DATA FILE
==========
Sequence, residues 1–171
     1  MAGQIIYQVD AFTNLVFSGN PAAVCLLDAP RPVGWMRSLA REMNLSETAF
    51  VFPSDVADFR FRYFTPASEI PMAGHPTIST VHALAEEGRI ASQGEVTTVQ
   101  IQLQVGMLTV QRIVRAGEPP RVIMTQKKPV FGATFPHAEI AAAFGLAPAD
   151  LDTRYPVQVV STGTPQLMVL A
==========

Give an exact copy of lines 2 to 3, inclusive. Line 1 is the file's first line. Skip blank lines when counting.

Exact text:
     1  MAGQIIYQVD AFTNLVFSGN PAAVCLLDAP RPVGWMRSLA REMNLSETAF
    51  VFPSDVADFR FRYFTPASEI PMAGHPTIST VHALAEEGRI ASQGEVTTVQ